Wednesday 16 December 2015

Sexiest Protein Competition

Pubmed is a database of the scientific literature. A key element of science is endeavouring not to unwittingly reinvent the wheel by doing an experiment that someone has already carried out. Replicating another group's experiments by design is another matter and carried out less frequently than might be desirable. So before you launch your research project you should read the scientific papers that have appeared on the subject. This will stop you getting a red face from being seen to copy someone else's work as if your contribution was totally novel. Reading will also fill in the gaps in your knowledge, give you inspiration and food for thought and help you see places where you and your students can usefully make a contribution. But b'gob you cannot read every paper ever written: there are 26.7 million papers indexed in PubMed, with 1.15 million which came out this year.
You had better learn how to use Pubmed effectively so that a) you get to read, or at least scan, all the papers of interest b) you don't have to trudge through lots of irrelevant off-topic material to locate the jewels. Years ago, I wrote a manual called Better PubMed, and I've updated it periodically. At the end it points out some of the hilarious blunders that lurk in this all-compassing database like a number of papers which include both psuedogene AND pseudogene in the same Abstract.  You can't do anything about that but you can find
  • papers published out of Institutions in Waterford: waterford [AD]
  • the couple of papers published by Dr Mouse ignoring the couple of million papers published about The Mouse Mus musculus: mouse [AU]
  • papers published by Dr S Bob: Bob S [AU]
  • papers published in the noughties: 2000:2009 [PDAT]
I've been on about PubMed before insofar as it exposes a pernicious HarryPotterism at the heart of science. Aled Edwards in Canada has made a devastating analysis of this funding-fondling problem.  Scientists don't study what's important, so much as they study what other scientists are working on.  Some areas, some genes, some proteins 'get legs' and sweep all before them, leaving a lot of orphan genes weeping for lack of attention in the corners. How to encourage students on, say, a Masters of Imm course to find out how to use PubMed effectively?  Why, run a competition, of course! offering a small bag of Werther's Original butter candies.  I asked them all to bring to class the name of an immune Protein-of-Interest on which they would be carrying out their molecular evolutionary analyses.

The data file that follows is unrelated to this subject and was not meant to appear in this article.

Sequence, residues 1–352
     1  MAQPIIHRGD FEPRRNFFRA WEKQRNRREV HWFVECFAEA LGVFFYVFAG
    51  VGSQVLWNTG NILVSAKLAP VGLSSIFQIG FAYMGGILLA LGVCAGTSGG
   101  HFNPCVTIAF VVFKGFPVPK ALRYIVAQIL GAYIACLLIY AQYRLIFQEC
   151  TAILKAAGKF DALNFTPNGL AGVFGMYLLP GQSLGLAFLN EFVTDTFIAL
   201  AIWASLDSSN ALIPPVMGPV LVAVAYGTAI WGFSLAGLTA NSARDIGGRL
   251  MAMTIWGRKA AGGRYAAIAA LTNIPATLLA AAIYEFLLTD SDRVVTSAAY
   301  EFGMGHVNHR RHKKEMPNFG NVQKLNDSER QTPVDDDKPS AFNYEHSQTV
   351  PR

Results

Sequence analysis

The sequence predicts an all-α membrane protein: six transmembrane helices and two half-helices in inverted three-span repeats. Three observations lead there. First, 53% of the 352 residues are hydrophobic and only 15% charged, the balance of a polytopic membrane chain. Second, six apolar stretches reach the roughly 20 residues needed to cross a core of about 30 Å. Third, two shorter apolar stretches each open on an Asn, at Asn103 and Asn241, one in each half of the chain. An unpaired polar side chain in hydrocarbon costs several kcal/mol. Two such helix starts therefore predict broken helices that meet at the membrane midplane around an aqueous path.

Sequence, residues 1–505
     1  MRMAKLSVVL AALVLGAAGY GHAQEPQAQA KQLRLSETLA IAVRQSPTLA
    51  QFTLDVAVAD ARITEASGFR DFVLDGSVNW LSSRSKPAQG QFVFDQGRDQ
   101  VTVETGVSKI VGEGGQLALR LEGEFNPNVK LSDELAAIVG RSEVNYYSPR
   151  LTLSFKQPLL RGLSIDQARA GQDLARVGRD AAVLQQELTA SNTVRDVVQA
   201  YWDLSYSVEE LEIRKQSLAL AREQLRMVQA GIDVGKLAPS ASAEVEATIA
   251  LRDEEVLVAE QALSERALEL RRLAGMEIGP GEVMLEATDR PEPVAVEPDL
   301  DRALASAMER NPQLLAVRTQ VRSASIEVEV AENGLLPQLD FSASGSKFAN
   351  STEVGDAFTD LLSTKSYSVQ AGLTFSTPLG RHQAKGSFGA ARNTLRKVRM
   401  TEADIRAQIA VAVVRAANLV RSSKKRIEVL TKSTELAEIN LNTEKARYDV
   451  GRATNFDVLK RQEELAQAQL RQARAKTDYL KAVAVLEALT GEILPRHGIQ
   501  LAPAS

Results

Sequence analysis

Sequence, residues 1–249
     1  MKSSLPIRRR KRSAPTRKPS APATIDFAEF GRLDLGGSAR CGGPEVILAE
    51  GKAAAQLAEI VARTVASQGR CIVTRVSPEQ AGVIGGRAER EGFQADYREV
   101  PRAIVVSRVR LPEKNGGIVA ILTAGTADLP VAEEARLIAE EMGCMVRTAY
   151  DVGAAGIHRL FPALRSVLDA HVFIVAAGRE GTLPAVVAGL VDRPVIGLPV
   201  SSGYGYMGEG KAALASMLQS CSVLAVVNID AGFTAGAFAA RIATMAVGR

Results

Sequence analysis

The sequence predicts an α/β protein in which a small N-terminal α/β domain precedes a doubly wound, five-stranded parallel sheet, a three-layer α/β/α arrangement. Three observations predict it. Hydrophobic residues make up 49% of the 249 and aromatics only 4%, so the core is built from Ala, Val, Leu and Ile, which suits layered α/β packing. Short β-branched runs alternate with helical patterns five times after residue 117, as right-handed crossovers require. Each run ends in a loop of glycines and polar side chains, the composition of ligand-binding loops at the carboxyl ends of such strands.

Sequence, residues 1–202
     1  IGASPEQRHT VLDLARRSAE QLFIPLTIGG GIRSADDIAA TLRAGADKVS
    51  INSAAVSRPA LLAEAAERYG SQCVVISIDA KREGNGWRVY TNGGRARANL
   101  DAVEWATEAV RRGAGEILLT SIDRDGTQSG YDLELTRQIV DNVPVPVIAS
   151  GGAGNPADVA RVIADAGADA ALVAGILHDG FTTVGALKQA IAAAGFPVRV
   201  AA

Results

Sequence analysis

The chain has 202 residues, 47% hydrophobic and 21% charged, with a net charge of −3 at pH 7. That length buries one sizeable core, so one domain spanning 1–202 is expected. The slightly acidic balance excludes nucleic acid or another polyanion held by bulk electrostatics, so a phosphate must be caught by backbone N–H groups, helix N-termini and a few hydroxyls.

The first step in any research project is to discover what the competition is doing . . . by reading the literature . . . using PubMed to open the door to these data. I suggested that we could look into the hypothesis that some proteins/genes were more "sexy" [as in hot current trendy] than others.
Q. How to measure that?
A. Count the number of publications about Protein "P"; then count the number that have appeared since, say, Jan 2014. Divide the latter by the former  et voila! you have a Sexy Quotient.

Protein PubMed Recent Sexy Qt Protein PubMed Recent Sexy Qt
NLRP3 2173 1024 0.47 CD47 870 157 0.18
IL28B 1249 462 0.37 CTLA4 5647 882 0.16
CD3g 39 12 0.31 ERBB2 22375 2691 0.12
NFKBIA 212 64 0.30 CD56 7874 941 0.12
IL8 2586 712 0.28 p53 78696 9351 0.12
NFKB1 781 195 0.25 iKba 69 8 0.12
MyD88 5031 1239 0.25 CCR5 8208 871 0.11
STAT3 14356 3518 0.25 CD154 7209 584 0.08
TLR4 13752 3345 0.24 EBAG9 164 8 0.05
RAG1 1417 273 0.19 recA 6351 260 0.04
I've sorted the chosen proteins by hotness, and there turns out to be an order of magnitude in the difference between Princess and Cinderella. Why might this make a difference? You can see that some widely cited proteins, like TLR4 and STAT3 are really going off the boil, while NLRP3 and IL28B are on the up-and-up.  If you have a choice, I suggest you are going to pull down more grant money and find it easier to publish in Nature if you devote your time to Sexy Proteins than tired old dowager proteins. 

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